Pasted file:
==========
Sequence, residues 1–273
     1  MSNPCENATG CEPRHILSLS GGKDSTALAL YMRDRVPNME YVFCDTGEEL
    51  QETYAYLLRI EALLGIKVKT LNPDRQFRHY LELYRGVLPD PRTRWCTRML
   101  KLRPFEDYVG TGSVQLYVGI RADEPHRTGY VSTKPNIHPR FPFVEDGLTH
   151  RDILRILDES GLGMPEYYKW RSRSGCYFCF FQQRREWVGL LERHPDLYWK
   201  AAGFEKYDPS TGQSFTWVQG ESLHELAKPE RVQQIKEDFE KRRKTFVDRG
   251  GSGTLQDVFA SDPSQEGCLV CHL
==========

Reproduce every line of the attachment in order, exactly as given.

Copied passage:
Sequence, residues 1–273
     1  MSNPCENATG CEPRHILSLS GGKDSTALAL YMRDRVPNME YVFCDTGEEL
    51  QETYAYLLRI EALLGIKVKT LNPDRQFRHY LELYRGVLPD PRTRWCTRML
   101  KLRPFEDYVG TGSVQLYVGI RADEPHRTGY VSTKPNIHPR FPFVEDGLTH
   151  RDILRILDES GLGMPEYYKW RSRSGCYFCF FQQRREWVGL LERHPDLYWK
   201  AAGFEKYDPS TGQSFTWVQG ESLHELAKPE RVQQIKEDFE KRRKTFVDRG
   251  GSGTLQDVFA SDPSQEGCLV CHL